Many people view flossing as an adjunct to tooth bushing. We think of it like a side order, something that perhaps is secondary or not as important - or perhaps optional. We even refer to daily tooth care as "brushing and flossing" while it should be the other way around.
It turns out, that for most Americans, tooth decay is a thing of the past. With fluoride in the water and in toothpaste (as well as fluoride treatments) most people today have very healthy teeth - and lousy gums.
It is the gums that hold the teeth in, and if they go south, the teeth are not far behind. And to correct years of gum neglect often requires expensive and painful periodontal treatments.
Worse yet, many researchers are beginning to believe that periodontal problems are directly related to heart disease, although the research is in its infancy. The theory is simple: having a long-term low-level bacterial infection in your mouth can affect other parts of your body and result in plaque buildup in the arteries near the heart.
So flossing takes on a new urgency.
As I noted in my blog Finding a Good Dentist, my Dentist advised me to "floss more, brush less" and it is good advice. Many people obsess about brushing - trying new toothbrushes (including fancy electric jobs) and new toothpastes that promise to reduce tartar, make your teeth whiter, or your breath smell better.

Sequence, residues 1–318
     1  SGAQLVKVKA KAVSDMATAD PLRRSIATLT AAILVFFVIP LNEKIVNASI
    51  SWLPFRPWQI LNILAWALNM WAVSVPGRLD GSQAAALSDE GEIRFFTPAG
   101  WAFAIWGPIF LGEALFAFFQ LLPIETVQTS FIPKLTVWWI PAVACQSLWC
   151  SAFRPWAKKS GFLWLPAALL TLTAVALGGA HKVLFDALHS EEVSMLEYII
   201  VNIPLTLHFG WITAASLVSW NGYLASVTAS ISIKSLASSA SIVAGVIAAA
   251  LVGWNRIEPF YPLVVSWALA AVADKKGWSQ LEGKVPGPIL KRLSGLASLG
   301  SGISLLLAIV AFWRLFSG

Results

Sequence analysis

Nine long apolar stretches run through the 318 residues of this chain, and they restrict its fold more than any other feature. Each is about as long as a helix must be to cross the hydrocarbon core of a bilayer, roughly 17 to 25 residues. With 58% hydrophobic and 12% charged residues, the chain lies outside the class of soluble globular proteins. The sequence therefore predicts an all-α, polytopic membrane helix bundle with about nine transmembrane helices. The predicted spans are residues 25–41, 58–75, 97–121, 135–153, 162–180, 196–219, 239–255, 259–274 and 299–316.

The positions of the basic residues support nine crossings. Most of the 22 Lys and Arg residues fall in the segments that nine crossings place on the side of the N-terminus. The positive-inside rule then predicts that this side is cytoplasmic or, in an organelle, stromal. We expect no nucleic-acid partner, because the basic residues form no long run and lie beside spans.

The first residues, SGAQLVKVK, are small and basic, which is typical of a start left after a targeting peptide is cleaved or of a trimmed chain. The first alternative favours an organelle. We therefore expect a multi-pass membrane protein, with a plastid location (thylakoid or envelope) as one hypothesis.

Toothpaste can polish the teeth, but that's about it. The bristles on your toothbrush may dislodge some of the things between your teeth, but only by accident. In terms of actual tooth cleaning, brushing comes in a distant second to flossing.
But no one gets excited about dental floss, which has not changed basically, in 100 years or more. There is no profit in it - nothing sexy to sell, no gimmicks. So it is not advertised much on TV. Most people get their cues from TV. So they go out any buy the latest electric toothbrush gadget, or worry whether their toothpaste whitens enough. But when it comes to flossing, most folks treat it like rotating the tires on their car. Yea, they should get around to that, someday.
But being healthy often means going against the mainstream of our society, at least as dictated by the television. As I have noted again and again, the normative cues provided by television, if followed, will drive you to an early grave - overeating the worst sort of foods, and then yo-yo dieting to try to lose weight. Yea, you'll have whiter teeth, but you'll have gum disease and chronic heart problems.
Buy lots of dental floss. Use a yard a day. Initially, it will make your gums bleed, but within a week or so, you'll find that your gums no longer bleed. And moreover, your teeth will feel cleaner and healthier. And you'll start to notice when you teeth are dirty - and the first thing you'll reach for is the dental floss, not a toothbrush.
Your heart will thank you for it.